Reefer Madness is now in the public domain and is available online. A colorized version of the movie is available; the smoke from the "marijuana" was made to appear green, red, blue, orange, and even purple.


Quote

"Isn't it true that you have, perhaps unwillingly, acquired a certain harmful habit through association with certain undesirable people?" (29:30)

External links

  • Internet Archive: Reefer Madness (http://www.archive.org/movies/details-db.php?collection=feature_films&collectionid=reefer_madness1938s)
    • DivX .avi 291 MB (http://www.archive.org/download/Reefer_Madness/Reefer_Madness.avi)
    • MPEG4 .mp4 150 MB (http://www.archive.org/download/Reefer_Madness/Reefer_Madness_256kb.mp4)
  • Reefer Madness (1936) (http://www.imdb.com/title/tt0028346/) at the Internet Movie Database

Internet Archive, San Francisco The Internet Archive (archive. ... The Internet Movie Database (IMDb), owned by Amazon. ...

1998 book

Reefer Madness: A History of Marijuana (1998) is a book written by Larry "Ratso" Sloman. The book is a popular social history of marijuana use in the United States.


2003 book

Reefer Madness: Sex, Drugs, and Cheap Labor in the American Black Market (2003) is a book written by Eric Schlosser. The book is a look behind the 10% underground economy of the U.S. that includes marijuana, migrant labor, and pornography. Eric Schlosser is an American journalist and author. ... The underground economy consists of all trade that occurs without government permission or effectual intervention (in the form of taxation or price regulation). ... Wikiquote has a collection of quotations by or about: United States Wikinews has news related to this article: United States United States government Official website of the United States government - Gateway to governmental sites White House - Official site of the US President Senate. ... Cannabis is a plant also known as Cannabis sativa, hemp, or marijuana. ... A foreign worker (cf expatriate), is a person who works in a country other than the one of which he or she is a citizen. ... Pavonazzeto marble sculpture, see Erotic art in Pompeii Pornography (from Greek πορνογραφια pornographia — literally writing about or drawings of harlots) is the representation of the human body or human sexual behaviour with the goal of sexual arousal, similar to, but (according to some) distinct from, erotica. ...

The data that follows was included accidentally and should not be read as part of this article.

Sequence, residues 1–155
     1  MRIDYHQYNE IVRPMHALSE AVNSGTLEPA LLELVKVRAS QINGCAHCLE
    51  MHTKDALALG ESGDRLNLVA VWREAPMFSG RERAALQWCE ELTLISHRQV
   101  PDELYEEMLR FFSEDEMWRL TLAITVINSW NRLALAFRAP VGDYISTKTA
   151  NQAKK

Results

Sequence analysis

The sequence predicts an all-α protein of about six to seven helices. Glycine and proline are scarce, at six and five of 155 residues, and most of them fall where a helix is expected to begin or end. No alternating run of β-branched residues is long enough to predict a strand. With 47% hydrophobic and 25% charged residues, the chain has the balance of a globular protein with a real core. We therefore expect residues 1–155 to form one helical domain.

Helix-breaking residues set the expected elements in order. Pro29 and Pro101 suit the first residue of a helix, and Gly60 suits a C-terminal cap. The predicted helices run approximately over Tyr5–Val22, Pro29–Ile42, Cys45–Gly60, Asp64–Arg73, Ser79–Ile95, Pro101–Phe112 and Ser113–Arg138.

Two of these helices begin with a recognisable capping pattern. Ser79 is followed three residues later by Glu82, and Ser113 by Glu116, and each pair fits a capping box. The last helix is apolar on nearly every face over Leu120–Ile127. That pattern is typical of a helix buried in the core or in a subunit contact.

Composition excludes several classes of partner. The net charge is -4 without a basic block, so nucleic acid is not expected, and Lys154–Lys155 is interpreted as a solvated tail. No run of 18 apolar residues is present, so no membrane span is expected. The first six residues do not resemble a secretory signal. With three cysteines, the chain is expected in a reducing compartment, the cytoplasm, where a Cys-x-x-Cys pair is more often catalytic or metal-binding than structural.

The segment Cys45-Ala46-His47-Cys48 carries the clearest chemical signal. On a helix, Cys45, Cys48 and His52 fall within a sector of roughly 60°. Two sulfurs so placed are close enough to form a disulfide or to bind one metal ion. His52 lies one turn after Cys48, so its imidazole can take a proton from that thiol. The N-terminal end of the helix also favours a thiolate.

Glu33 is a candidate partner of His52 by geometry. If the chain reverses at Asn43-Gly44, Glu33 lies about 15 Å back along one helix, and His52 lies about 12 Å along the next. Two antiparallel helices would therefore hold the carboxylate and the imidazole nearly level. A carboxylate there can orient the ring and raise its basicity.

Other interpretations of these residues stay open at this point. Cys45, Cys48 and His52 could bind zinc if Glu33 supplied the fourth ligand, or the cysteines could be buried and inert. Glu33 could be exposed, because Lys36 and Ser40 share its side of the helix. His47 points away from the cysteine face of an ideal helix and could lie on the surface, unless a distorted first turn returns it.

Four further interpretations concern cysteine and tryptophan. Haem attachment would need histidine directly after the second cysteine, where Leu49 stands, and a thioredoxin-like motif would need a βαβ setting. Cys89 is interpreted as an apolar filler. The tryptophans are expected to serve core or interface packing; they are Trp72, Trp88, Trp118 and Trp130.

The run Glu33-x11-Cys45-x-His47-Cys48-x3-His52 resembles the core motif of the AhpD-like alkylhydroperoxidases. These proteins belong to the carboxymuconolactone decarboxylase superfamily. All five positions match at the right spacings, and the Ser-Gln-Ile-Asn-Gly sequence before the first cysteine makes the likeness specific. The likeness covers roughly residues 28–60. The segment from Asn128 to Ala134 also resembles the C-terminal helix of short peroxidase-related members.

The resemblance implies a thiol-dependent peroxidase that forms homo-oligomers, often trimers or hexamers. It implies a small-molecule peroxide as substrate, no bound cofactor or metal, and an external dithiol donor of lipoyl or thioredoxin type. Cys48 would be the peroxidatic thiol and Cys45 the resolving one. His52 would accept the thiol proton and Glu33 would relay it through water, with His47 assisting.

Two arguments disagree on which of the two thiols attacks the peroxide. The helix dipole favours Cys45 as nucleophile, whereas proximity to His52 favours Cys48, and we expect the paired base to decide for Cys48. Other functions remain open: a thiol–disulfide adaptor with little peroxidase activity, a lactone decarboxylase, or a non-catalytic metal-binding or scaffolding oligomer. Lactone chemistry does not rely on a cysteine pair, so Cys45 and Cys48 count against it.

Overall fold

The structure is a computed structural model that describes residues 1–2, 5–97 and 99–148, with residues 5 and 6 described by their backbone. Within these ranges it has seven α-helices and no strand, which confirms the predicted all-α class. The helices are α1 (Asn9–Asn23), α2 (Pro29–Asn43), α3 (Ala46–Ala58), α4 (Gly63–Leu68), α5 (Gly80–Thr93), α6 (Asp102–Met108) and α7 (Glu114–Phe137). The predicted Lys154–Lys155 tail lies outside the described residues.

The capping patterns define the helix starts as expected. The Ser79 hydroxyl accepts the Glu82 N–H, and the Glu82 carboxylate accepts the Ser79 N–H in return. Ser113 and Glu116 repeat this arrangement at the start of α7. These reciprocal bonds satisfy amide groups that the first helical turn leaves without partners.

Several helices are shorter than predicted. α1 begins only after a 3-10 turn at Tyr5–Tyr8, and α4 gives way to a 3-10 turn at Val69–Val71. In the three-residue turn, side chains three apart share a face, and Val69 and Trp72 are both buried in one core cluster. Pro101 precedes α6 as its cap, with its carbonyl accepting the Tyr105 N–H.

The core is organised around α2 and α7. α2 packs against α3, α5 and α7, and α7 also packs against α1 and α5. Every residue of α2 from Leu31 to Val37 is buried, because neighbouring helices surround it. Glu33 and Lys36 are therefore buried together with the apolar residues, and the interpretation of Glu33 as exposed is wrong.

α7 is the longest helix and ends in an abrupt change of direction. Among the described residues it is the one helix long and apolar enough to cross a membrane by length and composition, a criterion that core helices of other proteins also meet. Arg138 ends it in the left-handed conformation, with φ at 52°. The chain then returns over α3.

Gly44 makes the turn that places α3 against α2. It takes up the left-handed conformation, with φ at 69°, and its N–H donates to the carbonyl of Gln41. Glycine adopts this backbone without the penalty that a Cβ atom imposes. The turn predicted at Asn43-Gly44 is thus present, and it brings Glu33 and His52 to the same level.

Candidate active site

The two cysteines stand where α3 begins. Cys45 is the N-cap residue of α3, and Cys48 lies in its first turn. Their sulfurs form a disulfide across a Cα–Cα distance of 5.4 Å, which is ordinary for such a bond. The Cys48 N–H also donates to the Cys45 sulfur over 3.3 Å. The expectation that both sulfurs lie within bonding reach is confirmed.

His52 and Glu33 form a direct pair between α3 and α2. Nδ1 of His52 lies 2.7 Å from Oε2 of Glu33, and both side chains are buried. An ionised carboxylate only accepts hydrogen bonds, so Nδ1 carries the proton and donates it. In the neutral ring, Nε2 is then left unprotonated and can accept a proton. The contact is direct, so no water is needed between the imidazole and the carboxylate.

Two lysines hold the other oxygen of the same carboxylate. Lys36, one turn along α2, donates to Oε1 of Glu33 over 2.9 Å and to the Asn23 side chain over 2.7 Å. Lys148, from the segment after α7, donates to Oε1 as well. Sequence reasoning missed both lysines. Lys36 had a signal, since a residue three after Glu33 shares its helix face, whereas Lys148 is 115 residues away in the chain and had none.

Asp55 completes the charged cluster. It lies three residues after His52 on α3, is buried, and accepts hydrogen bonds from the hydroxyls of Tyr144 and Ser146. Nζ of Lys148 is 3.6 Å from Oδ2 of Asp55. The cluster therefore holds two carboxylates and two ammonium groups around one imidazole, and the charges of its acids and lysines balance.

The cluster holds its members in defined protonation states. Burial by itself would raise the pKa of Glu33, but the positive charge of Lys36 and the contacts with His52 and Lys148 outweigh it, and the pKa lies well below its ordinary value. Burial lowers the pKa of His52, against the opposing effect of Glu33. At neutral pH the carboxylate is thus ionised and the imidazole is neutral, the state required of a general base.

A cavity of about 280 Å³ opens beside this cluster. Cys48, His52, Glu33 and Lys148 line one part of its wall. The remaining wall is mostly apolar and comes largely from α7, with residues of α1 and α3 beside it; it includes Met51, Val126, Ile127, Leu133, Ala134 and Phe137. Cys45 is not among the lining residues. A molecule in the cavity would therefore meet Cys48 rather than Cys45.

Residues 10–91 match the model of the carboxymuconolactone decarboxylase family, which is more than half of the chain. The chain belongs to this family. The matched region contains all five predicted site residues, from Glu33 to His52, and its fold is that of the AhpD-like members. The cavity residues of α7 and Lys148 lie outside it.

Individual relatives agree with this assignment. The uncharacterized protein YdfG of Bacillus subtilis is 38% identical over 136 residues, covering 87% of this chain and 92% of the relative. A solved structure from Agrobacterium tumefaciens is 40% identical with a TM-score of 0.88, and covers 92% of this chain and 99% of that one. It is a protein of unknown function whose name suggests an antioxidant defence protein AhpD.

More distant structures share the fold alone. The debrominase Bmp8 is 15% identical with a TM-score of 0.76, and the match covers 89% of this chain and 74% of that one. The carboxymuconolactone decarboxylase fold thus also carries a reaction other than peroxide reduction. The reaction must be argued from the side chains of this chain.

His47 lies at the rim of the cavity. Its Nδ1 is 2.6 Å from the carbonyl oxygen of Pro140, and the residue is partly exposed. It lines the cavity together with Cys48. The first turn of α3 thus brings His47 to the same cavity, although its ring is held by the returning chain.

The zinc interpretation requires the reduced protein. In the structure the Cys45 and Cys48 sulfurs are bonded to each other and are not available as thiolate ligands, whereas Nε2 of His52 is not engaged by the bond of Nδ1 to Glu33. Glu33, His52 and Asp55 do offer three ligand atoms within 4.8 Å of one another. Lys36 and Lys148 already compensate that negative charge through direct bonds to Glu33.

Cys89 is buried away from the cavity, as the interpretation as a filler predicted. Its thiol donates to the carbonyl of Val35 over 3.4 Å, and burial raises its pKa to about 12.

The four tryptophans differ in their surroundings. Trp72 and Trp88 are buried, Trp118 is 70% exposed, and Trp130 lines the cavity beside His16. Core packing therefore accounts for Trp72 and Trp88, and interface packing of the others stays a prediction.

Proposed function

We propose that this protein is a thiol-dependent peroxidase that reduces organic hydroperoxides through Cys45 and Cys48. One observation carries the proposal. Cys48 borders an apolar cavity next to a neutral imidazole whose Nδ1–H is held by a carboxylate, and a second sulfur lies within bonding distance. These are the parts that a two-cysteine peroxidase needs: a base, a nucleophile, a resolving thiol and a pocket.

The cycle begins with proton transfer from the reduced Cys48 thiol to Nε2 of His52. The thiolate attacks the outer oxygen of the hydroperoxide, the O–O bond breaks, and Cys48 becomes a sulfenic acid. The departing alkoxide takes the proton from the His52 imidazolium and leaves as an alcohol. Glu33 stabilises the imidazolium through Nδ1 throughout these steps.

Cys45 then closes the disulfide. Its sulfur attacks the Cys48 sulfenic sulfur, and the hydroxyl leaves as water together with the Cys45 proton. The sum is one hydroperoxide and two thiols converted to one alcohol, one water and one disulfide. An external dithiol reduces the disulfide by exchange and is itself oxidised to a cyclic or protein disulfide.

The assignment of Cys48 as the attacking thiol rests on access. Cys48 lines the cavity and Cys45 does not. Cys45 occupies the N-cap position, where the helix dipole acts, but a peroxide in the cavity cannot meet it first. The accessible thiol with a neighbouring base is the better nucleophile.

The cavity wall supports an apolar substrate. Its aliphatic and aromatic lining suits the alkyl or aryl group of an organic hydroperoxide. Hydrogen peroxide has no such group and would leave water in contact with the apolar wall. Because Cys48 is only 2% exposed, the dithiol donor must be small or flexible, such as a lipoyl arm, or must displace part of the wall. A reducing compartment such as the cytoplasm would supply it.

Musical

Reefer Madness (2004) is a musical satire of the 1936 Reefer Madness. The book was written by Kevin Murphy and the lyrics by Dan Studney. Directed by Andy Fickman, it was initially shown in a theatre in Los Angeles and then moved to the New York "off-Broadway" scene. The art of singing and dancing in a prepared fictional play has been a time-honored tradition ranging to the early days of civilization. ... Satire is a literary technique of writing or art which principally ridicules its subject (for example, individuals, organizations, or states) often as an intended means of provoking or preventing change. ... Kevin Murphy may refer to: Kevin Murphy is an Irish politician. ... State nickname: Empire State Other U.S. States Capital Albany Largest city New York Governor George Pataki Official languages None Area 141,205 km² (27th)  - Land 122,409 km²  - Water 18,795 km² (13. ...


Synopsis

The scene: a high school auditorium. The Lecturer tells the assembly of anxious parents all about the evils of marijuana ("Reefer Madness") before, with the help of his assistants, launching into the tragic tale of one boy's struggles with the demon weed. That boy, Jimmy Harper, is a fine upstanding youth, with the love of the fair Mary Lane. The two are sure they would live happily ever after ("Romeo and Juliet"). But across town at the reefer den, the weed-pusher Jack and his cronies Sally and Ralph are living in the depths of depravity. Jack's moll Mae explains how she came to such a sorry state ("The Stuff"); meanwhile, Jack goes out to recruit new addicts at Miss Poppy's soda counter ("The Ol' Five and Dime"). There he meets Jimmy, whom he lures back to the house and offers a stick of reefer. Jimmy takes one puff and immediately becomes a slavering maniac ("Jimmy Takes a Hit/The Orgy"). He forgets all about Mary Lane for weeks and weeks, while she sits in church alone ("Lonely Pew"). One night, Jimmy and Ralph break into the church in order to steal the poorbox for drug money. Jesus himself comes down from the cross and, in a musical revue hosted by Joan of Arc, exhorts Jimmy to kick the habit ("Listen to Jesus, Jimmy"). But Jimmy is too far gone; he has a new god now. He goes back to the reefer den, and to Sally. One dark night, Jimmy and Sally are driving back to the house, stoned, when their car hits and kills an old man. Sally runs off, and Jimmy, scared straight, drives in a panic to Mary's house, where he tells her that he still loves her and that they must go far, far away. Mary happily accepts him back, and everything seems right with the world ("Loved by Mary Lane"). Japanese high school students in uniform High school, or Secondary school, is the last segment of compulsory education in Australia, Canada, Hong Kong, Japan, Malaysia, South Korea, Singapore, Taiwan (Republic of China) (only junior high school) and the United States. ... Romeo and Juliet is a famous play by William Shakespeare concerning the fate of two young star-crossed lovers. ... Five and dime was a common nickname in the United States for five-and-ten-cent stores (also called 5 and 10s), popular in the early to mid-20th century. ... Pews in rows in a church A pew is a long bench used for seating of a church congregation. ... Alms Bag taken from some Tapestry in Orleans, Fifteenth Century. ... Jesus, also known as Jesus Christ*, Jesus of Nazareth, and Jesus the Nazarene, is the central figure in Christianity. ... Image of Joan of Arc, painted between 1450 and 1500 (Centre Historique des Archives Nationales, Paris, AE II 2490). ...